My Sister dancing with Hubby
My Sister dancing with her Hubby

It wasn’t exact, but the color, the tiers … I said out loud to myself, “I can’t look like her.” Fortunately, it was the last of the 3 dresses I tried. I hung it up with the other disasters and promptly walked out, giving up the search for the moment. So many memories, at every turn they hit me.

I looked back at the photo prompt Sunday night, glad I had left it alone. I want to push myself to write like I want to push myself to get through the grief – I’ve never been known for my patience. I’m not ready. I’m learning to be okay with that, to give myself permission to breathe. Sometimes even that hurts too much.

*Actually, my favorite part of this video is the (probably drunken) man dancing in front of me. 😀

 

Kidnapped!

Welcome to Friday Fictioneers, the place where Rochelle Wisoff-Fields hosts weekly flash fiction based on a photo prompt. The challenge is to write a complete story in approx. 100 words. The link for other entries is below. Come join us!

Copyright – Douglas M. MacIlroy

100 words:

The odd things at Bernie’s grandmother’s house fascinated Joey. It surprised him how well the old helmet fit. “Does he have it on?” Joey barely heard the question through the thick metal. Turning around he jumped back. Standing in the doorway were Bernie and Mona in spacesuits!

Joey fumbled with the helmet, trying to take it off. “I wouldn’t do that if I were you,” said Mona pointing at the window. Looking through the glass, he saw the houses around them falling away. “You’d best get this on,” she said, holding out a suit. Bernie smiled as Joey began screaming.

 

 

 

 

Homecoming – Part 4

Welcome to Friday Fictioneers, the place where Rochelle Wisoff-Fields hosts weekly flash fiction based on a photo prompt. The challenge is to write a complete story in approx. 100 words. The link for other entries is at the bottom.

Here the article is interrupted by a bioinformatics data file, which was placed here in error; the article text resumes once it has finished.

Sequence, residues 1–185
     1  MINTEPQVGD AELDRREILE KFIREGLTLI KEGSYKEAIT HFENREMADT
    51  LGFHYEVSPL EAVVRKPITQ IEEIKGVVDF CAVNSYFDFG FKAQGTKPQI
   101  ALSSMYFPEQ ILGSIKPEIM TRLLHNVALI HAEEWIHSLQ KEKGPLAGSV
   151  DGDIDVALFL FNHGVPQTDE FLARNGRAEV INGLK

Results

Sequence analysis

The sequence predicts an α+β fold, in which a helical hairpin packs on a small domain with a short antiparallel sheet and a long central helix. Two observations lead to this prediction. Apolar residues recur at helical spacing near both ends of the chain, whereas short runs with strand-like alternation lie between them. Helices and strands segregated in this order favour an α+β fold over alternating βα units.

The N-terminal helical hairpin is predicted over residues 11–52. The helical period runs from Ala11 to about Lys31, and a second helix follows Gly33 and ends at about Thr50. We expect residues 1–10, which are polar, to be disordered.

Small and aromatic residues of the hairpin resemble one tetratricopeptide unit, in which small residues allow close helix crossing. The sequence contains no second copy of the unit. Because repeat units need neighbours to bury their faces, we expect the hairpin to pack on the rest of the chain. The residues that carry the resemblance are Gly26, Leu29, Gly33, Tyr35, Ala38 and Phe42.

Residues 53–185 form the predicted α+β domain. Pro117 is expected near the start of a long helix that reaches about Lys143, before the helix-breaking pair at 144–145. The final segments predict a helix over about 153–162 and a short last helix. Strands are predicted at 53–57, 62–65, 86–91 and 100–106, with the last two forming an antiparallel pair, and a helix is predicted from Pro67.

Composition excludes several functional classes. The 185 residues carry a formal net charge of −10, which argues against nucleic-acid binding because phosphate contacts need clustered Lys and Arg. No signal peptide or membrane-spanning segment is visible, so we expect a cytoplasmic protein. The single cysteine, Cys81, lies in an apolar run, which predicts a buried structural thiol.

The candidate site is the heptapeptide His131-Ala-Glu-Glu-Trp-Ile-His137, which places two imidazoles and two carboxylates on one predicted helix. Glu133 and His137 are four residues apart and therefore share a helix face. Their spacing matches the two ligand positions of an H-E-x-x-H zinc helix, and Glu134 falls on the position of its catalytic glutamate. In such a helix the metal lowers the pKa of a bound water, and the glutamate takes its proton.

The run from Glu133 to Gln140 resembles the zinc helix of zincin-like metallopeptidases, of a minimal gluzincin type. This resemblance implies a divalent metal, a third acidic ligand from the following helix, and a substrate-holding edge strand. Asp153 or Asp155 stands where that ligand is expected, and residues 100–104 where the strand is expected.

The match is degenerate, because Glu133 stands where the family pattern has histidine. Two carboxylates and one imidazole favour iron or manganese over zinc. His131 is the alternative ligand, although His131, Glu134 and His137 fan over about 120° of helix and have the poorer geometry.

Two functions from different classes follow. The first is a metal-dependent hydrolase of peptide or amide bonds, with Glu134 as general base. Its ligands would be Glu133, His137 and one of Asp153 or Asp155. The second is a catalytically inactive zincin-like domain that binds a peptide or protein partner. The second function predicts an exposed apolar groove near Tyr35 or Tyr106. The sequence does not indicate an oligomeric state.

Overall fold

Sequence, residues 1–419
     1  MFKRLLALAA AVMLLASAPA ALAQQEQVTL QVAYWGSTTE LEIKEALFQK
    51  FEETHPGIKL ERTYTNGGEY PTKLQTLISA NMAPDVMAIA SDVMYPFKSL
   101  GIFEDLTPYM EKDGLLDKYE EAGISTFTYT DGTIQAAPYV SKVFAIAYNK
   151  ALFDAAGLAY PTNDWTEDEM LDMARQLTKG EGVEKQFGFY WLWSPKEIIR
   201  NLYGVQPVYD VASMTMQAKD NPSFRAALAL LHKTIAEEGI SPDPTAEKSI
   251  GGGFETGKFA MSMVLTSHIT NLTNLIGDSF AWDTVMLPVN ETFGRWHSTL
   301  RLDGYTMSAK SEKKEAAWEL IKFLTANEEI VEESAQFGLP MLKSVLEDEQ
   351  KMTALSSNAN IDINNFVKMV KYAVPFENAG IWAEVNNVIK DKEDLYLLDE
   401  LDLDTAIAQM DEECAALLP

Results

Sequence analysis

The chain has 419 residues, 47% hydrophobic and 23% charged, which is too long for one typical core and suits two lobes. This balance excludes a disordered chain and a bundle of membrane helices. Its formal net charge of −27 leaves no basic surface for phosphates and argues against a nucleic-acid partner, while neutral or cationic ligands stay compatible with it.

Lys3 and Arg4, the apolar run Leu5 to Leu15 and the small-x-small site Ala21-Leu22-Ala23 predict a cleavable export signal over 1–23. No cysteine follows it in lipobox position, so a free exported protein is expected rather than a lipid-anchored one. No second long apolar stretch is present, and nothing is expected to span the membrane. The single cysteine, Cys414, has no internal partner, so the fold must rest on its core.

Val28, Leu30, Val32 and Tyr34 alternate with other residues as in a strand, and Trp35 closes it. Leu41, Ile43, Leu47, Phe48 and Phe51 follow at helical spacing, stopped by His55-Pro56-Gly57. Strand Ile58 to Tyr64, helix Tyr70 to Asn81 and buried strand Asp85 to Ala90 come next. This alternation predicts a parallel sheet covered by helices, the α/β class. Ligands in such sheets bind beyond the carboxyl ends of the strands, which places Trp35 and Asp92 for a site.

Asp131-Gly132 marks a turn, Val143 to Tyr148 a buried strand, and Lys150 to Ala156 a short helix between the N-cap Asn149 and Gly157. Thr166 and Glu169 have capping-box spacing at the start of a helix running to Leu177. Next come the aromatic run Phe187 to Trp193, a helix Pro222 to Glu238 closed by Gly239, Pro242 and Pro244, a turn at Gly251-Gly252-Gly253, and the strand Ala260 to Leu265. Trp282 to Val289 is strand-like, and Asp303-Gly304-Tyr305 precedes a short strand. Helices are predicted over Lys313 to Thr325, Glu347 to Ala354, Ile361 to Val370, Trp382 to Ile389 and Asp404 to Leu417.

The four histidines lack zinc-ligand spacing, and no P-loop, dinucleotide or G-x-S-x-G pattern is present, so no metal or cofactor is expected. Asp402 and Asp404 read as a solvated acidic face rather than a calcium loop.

I’m continuing a series of glimpses from a larger story begun 4 weeks ago. You can check out my previous parts here: Homecoming  Part 2  Part 3

 

copyright - DLovering

100 words:

Things were not going as planned. Kelsey had followed Grant’s instructions to the letter, but the chair sat empty. She still didn’t have what she needed.

Looking up at the streamers she wondered what to do. “Kel?” Kelsey jumped at the sound of her name.

Looking at Jim with relief, she smiled, “You came.”

“I wouldn’t have missed this,” he said. “Here,” he sat down and set a box on the table between them. “I have something for you.”

Kelsey looked at the carefully wrapped package. Knowing how much she needed what was inside did nothing to calm her fears.

 

Open Your Heart and Drink

Just imagine what could happen if everyone in the world opened their heart and drank of the truths in this video. I imagine an end to poverty, hunger, racism, hatred, discrimination, and even war. If you don’t watch anything else today, this week, this month, or this year, watch this. It could change your life. It could change the world.

 

The Reluctant Wedding Planner – A Cautionary Tale